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The Intricate World of Yeasts in Wine Fermentation: Wild YEAST vs. Commercial Yeast

Wild Yeast vs. Commercial Yeast

When it comes to winemaking, yeast is the unsung hero that transforms grape juice into the intoxicating nectar we all adore. There are two primary types of yeasts commonly employed in winemaking: wild yeasts and commercial yeasts. Each brings its unique characteristics and challenges to the fermentation process. Let's delve into what sets these yeasts apart and how they impact the final product.

What is Yeast, Anyway?

Before we get into the specifics, let's briefly touch on yeast.

Yeast is a single-celled microorganism from the fungi kingdom. It consumes the sugars in grape juice and converts them into alcohol and carbon dioxide through fermentation.

This not only gives the wine its alcoholic content but also contributes to its flavour, aroma, and overall character. What is, then, the difference between wild yeast and commercial yeast?

Wild Yeast: The Unpredictable Naturalist

As the name suggests, wild yeasts occur naturally in the vineyard and winery environment. They can be found on grape skins, in the air, and even in the wooden barrels used for ageing wine. They introduce an element of terroir into the wine, giving it a sense of place.

Fermenting red most

Fermentation with wild yeasts is often called "spontaneous fermentation" because the winemaker does not add specific yeast strains to initiate the fermentation process.

Using wild yeast can be an exciting and unpredictable choice. Each vineyard and winery has its own unique blend of wild yeast strains, which can contribute to a wide range of flavours and aromas in the finished wine. Some winemakers believe that wild yeast adds a sense of terroir or reflects the specific geographic and environmental conditions in which the grapes were grown.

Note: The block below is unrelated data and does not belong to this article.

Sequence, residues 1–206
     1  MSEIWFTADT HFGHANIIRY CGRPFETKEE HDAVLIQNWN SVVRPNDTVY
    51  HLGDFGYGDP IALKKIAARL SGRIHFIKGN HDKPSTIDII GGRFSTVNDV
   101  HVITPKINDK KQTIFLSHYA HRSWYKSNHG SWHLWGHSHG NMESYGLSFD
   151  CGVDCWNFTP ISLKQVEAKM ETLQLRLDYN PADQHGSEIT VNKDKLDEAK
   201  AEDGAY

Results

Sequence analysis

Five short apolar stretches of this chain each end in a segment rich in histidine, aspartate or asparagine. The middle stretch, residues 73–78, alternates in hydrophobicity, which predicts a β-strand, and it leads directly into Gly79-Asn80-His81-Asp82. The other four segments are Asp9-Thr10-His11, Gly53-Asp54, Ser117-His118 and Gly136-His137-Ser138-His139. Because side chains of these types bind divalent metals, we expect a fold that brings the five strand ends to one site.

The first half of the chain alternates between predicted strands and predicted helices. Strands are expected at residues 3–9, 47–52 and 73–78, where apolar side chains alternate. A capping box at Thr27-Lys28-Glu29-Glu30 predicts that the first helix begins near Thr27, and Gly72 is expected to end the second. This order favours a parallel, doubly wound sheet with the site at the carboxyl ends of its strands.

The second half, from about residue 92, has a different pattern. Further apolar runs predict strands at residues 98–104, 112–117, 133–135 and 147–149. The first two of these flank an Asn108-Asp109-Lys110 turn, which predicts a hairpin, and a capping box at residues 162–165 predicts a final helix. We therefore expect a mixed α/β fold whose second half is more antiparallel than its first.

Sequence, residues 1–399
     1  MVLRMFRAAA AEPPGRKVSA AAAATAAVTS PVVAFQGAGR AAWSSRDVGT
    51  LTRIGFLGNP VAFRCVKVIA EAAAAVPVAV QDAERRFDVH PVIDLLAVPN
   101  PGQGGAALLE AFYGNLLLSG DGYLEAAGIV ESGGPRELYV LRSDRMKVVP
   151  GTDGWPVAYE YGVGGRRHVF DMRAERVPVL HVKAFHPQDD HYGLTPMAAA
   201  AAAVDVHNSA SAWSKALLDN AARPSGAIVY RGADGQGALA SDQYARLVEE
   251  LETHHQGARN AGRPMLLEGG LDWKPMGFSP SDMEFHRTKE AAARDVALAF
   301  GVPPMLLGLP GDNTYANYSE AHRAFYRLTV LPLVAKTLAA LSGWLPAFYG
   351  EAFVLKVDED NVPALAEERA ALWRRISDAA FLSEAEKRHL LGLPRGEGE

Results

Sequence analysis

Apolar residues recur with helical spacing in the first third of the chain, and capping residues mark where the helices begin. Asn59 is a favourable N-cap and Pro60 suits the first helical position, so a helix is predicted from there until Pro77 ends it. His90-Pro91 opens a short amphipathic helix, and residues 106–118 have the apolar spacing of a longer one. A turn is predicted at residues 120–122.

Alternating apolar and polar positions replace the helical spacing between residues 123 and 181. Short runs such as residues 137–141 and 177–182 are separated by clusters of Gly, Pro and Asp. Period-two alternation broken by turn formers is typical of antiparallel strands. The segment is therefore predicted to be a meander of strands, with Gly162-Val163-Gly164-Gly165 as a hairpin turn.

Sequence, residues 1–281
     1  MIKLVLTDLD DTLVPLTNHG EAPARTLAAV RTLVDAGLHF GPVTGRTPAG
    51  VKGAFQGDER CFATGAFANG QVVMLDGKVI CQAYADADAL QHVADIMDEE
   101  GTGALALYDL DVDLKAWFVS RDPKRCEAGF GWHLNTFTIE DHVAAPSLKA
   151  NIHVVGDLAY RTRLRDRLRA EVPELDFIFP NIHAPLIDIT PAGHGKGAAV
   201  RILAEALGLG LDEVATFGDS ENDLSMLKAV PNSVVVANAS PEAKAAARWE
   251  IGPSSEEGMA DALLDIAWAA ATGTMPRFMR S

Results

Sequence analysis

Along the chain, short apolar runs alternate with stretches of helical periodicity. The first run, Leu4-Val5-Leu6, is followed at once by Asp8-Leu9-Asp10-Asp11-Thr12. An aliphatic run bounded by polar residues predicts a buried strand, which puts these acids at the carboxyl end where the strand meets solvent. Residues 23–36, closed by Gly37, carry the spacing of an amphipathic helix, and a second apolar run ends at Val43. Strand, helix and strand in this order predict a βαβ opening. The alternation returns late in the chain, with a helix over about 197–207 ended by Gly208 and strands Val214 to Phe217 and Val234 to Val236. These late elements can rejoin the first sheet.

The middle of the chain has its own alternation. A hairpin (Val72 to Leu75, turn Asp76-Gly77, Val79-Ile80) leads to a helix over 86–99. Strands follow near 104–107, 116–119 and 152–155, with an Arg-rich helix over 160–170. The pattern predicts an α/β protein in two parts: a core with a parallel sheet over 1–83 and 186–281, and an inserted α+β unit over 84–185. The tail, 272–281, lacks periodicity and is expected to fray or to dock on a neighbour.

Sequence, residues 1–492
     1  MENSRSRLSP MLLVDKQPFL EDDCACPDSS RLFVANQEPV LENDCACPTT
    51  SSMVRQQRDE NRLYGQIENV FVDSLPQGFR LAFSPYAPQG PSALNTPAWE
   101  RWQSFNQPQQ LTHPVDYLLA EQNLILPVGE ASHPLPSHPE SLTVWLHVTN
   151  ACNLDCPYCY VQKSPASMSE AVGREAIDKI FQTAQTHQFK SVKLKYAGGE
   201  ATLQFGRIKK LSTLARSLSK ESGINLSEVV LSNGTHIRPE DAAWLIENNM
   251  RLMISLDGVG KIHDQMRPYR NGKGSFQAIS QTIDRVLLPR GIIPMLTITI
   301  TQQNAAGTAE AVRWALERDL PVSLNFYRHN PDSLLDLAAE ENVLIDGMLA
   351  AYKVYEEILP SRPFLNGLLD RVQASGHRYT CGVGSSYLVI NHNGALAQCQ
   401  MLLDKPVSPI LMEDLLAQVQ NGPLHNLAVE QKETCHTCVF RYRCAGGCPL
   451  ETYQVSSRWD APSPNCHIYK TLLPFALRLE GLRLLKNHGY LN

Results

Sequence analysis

Regardless, there are challenges associated with using wild yeast. It is less predictable than commercial yeast, as fermentation can take longer to start and may be less vigorous. There is also a higher risk of spoilage or the development of off-flavours, as wild yeast strains vary in their abilities to produce desirable flavours and aromas. Nonetheless, for some winemakers, the rewards of using wild yeast outweigh the risks.

Commercial Yeast: The Dependable Specialist

Commercial yeasts, on the other hand, are cultivated strains that are specifically produced for winemaking. Unlike wild yeasts, they are selected for their ability to ferment grape juice efficiently and consistently. Winemakers have more control over the fermentation process, as they can choose from a wide range of yeast strains that produce specific flavour profiles.

Saccharomyces Cerevisiae

Using commercial yeast ensures a predictable fermentation, with a faster start and more vigorous activity. This can be particularly beneficial in regions with challenging climate conditions or when working with delicate grape varieties. Commercial yeasts also have a lower risk of producing off-flavours or spoilage, as the strains used are carefully selected and tested for their performance.

Though, some winemakers argue that using commercial yeast can result in wines that lack complexity and uniqueness. They believe that the use of wild yeast allows the true expression of the grapes and the local environment. It is worth noting that many winemakers employ a combination of wild and commercial yeast to strike a balance between consistency and individuality.

A Middle Ground: Spontaneous Fermentation

Some winemakers opt for a hybrid approach, known as spontaneous fermentation, in which they initiate fermentation with wild yeast but allow commercial yeast to take over if necessary. This can offer a balance between the complexity of wild yeast and the reliability of commercial yeast.

Which One to Choose? A Matter of Personal Preference

The choice between wild yeast and commercial yeast in winemaking is a matter of personal preference and winemaking philosophy. Wild yeast offers unpredictability and a sense of terroir but with higher risks of off-flavours and longer fermentation times. Commercial yeast provides consistency and control but may result in wines that lack complexity and uniqueness.

Ultimately, the decision should be based on the specific goals of the winemaker and the desired characteristics of the final wine. Whether wild or commercial, yeast undoubtedly plays a pivotal role in shaping the flavours and aromas that make each bottle of wine a distinct and enjoyable experience.

Cheers! 🍷


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